SUBMISSIONS SOUGHT ON SUPPRESSION ORDER LAWS
The Andrews Labor Government is encouraging the Victorian public to make submissions to the review of the state’s suppression order laws.
Former Supreme Court of Appeal judge Frank Vincent was appointed last November to review the Open Courts Act 2013 and consider whether it strikes the right balance between privacy, fair court proceedings and the public’s right to know.
Members of the public, media organisations and interested parties are invited to make submissions by visiting engage.vic.gov.au/open-courts-act-review
The Open Courts Act review is examining:
- the notice requirements and their impact on the rights of parties and the media to be heard when applications for suppression orders are made
- whether existing grounds for making a proceeding suppression order are adequate for the wide variety of matters that come before courts
- whether requirements that suppression orders clearly specify the information to be suppressed are operating effectively
- whether requirements that suppression orders operate only as long as necessary are being upheld
It will also review existing provisions under the Serious Sex Offenders (Detention and Supervision) Act 2009, which currently makes it an offence to publish any evidence or content of any report put before the court.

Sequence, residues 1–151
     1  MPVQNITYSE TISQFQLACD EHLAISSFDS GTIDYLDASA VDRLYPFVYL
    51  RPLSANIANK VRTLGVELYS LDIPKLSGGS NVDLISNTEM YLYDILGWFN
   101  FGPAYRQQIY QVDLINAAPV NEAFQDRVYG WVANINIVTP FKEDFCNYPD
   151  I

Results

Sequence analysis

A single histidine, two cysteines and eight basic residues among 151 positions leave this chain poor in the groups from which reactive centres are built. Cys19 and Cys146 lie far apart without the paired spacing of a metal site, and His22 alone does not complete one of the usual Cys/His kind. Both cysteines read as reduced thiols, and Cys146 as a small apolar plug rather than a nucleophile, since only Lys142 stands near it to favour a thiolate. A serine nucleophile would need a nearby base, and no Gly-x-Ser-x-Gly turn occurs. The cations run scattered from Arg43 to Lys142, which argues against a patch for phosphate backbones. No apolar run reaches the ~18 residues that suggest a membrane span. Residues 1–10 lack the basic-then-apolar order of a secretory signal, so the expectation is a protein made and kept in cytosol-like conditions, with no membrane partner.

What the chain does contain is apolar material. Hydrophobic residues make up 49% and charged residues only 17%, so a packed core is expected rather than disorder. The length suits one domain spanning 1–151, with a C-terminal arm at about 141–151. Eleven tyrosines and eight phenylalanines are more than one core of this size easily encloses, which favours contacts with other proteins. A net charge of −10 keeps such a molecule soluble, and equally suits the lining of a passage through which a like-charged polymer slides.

The review will consider what might be an appropriate balance between preserving the privacy of a person on a post-sentence supervision order and the public’s right to know the details of those proceedings.
Submissions to the review will close on 10 May, 2017.
Justice Vincent is expected to provide his advice to the Government later this year.
Quotes attributable to Attorney-General Martin Pakula
“We want to make sure that our suppression orders laws strike the right balance between the public’s right to know, privacy, and a person’s right to a fair trial.”
“It’s important that the community and the media has the opportunity to have a say and help to inform this important issue.”
“I encourage anyone with an interest in Victoria’s suppression order laws to make a submission and contribute to the review.”